Abaskhtir (or Abshakhdr). It belonged to Arzan-ar-RAm, and 
Yaktit adds that the district was called Basin. At the close of 
the 8th (i4th) century Timflr took Avnik after a long siege, and 
it is frequently mentioned in the history of his campaigns. 

Some 200 miles west of Arzan-ar-Rflm and on the right or 
north bank of the Euphrates, is the town of Arzanjan, which 
Yakftt says was more often called Arzingan. He speaks of it as 
a fine town well provisioned, in his day inhabited for the most 
part by Armenians, who openly drank wine to the scandal of their 
Moslem fellow-citizens. Mustawfi adds that its walls had been 
restored by the Saljuk Sultan 'Ala-ad-Din Kaykubad at the close 
of the 7th (i3th) century, and that they were built of well-cut 
jointed stone masonry. Arzanjan had an excellent climate, its 
lands producing corn, cotton, and grapes in abundance. Ibn 
Batfttah who passed through here in 733 (1333) writes of it as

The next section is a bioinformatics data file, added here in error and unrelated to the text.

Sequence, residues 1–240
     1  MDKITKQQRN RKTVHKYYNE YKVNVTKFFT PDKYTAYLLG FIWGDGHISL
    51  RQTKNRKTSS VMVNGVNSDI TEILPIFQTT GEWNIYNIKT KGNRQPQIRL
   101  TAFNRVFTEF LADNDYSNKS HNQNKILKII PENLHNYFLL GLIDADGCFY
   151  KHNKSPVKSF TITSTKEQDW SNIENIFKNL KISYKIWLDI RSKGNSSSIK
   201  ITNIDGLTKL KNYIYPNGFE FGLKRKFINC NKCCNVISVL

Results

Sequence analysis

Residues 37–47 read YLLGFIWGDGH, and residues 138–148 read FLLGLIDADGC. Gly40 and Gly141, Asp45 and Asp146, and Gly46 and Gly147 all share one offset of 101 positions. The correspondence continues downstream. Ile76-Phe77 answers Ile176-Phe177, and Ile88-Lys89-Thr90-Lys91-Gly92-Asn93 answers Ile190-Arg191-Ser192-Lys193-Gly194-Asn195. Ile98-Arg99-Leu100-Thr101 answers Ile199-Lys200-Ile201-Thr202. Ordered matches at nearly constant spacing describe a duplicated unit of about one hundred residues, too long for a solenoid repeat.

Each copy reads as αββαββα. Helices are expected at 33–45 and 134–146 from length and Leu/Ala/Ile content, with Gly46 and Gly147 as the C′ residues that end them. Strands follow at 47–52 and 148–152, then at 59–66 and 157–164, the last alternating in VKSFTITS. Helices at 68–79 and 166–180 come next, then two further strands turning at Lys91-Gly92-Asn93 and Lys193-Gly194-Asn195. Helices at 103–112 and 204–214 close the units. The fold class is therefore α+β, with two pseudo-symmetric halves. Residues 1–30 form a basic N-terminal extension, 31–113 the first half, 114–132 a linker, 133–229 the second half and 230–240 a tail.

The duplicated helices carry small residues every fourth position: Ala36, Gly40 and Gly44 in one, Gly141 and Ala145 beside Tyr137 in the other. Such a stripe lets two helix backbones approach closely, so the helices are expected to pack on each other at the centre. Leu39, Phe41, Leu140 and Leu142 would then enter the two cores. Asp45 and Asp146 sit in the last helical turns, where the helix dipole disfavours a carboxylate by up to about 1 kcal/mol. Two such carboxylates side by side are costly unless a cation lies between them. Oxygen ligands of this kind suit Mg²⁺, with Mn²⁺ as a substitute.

mostly inhabited by Turkish-speaking Armenians, who were 
Moslems. In the neighbourhood were copper mines, and the 
brass work of the native smiths was famous; the markets were 
good and much cloth was woven in the town. Babirt to the north 
of Arzanjan is mentioned by Yaktit as a considerable town, mostly 
peopled by Armenians ; but Mustawfi adds that in his day it had 
much diminished in importance. The fortress of Kamkh (or 
Kamakh) lay on the Western Euphrates a day's journey below 
Arzanjan, on the left or south bank of the river. It is frequently 
mentioned by Ibn Serapion and the earlier Arab geographers, 
and was the Greek Kamacha. Mustawfi describes it as a great 
castle, with a town below on the river bank, and many fertile 
villages were of its dependencies 1 . 

1 I. S. 10. I. R. 89. I. K. 174. Mas. i. 214. Tanbih 52. Yak. i. 205, 


Sixty miles or more to the west of Kamkh the Euphrates, 
which from Erzerum has flowed westward, makes a great bend 
and takes its course south, and it here receives on its right bank 
the river called by Ibn Serapion the Nahr Abrifc, from the castle 
of Abrifc which is on its upper course. This is the stream now 
known as the Chaltah Irmak, which comes down from Divrik or 
Divrigi. In Mustawfi and Ibn Bibi the name is given as Difrigt, 
which the Byzantines wrote Tephrike (the form Aphrike also occurs 
in the Greek Mss.), and the earlier Arab geographers shortened this 
to Abrik. The place was celebrated at the close of the 3rd (9th) 
century as the great stronghold of the Paulicians > a curious sect 
of Eastern Christians whose Manichaean beliefs caused them to